Many chose to take offence at this even though she has now said it online, in the House of Commons and famously at this year’s Labour Party conference since 2013.
I defend Rayner’s right to use this term. I clearly don’t agree with her and it is not a word I would use. Some would argue this strays into so called “hate speech”, another modern twist on free speech suppression.
All right minded people abhor extremism in its many forms. Racism, bigotry, and hatred in all their guises must be challenged but this can only happen when they are not kept underground. I am happy to share a platform and debate with anyone whose views I vehemently disagree with on the basis that sunlight is the best form of illumination for idiocy.
The ridiculous treatment of JK Rowling (a feminist and supporter of trans rights) for quite rightly emphasising the need for safe spaces for women, prioritising biological sex (with very few exceptions an immutable characteristic) over gender self identification.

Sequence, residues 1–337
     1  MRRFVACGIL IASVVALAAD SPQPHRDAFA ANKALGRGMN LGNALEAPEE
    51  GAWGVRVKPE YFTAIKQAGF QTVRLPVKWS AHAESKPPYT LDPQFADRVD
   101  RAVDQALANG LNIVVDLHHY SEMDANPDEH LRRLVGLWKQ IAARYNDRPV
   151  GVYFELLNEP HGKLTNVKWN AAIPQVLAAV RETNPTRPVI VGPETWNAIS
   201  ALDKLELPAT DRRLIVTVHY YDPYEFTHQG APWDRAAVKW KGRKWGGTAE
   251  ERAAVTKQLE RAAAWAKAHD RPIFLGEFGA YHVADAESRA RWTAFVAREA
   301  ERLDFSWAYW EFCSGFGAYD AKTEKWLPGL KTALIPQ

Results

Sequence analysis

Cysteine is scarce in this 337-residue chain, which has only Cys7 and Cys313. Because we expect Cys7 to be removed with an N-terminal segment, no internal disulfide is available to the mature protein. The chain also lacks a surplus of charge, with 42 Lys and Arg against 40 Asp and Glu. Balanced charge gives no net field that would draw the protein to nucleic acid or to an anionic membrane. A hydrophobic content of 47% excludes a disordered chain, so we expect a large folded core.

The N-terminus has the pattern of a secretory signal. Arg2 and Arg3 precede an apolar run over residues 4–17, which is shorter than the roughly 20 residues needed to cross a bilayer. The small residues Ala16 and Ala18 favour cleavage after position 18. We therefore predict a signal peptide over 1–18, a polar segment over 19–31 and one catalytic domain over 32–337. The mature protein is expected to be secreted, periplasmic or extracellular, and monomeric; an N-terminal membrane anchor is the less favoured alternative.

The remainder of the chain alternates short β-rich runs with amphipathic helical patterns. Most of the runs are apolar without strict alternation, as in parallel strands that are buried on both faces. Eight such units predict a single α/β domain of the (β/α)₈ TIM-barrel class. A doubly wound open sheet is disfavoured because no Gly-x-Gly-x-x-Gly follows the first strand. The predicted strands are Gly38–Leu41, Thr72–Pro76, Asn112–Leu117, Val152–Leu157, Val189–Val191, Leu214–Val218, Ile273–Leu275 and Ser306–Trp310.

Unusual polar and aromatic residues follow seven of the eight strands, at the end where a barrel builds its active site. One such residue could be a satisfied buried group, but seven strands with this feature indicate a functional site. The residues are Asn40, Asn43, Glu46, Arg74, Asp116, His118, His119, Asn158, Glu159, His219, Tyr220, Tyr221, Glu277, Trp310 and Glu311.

The decision of the cast of the Harry Potter films to exclude Rowling from their 20 year reunion is pious at best and sinister. Many launched enriching careers from the franchise and seem to have forgotten the significance of the author in that.
As an ardent supporter of an independent Scotland and left leaning views, there are few things that I suspect Rowling and I would agree on in the unlikely event we should meet. However, not only do I agree wholeheartedly with her views on this micro issue, I defend her right to express them freely without fear of online trolls and physical threats to her life.
Dr Kathleen Stock, who does not have the depth of platform of Rowling endured more than 2 years of abuse for articulating similar views and ultimately felt she had no option but to resign her post at the University of Sussex and head to one of the founding “non woke” universities (Austin in the US) to continue her career in academia.
It was heartening to see the Cambridge University Union forced to scrap its secret “black list” of speakers they were not willing to give a platform to as they had previously caused offence at another event. John Cleese, like Rowling, it seems is immune from cancellation.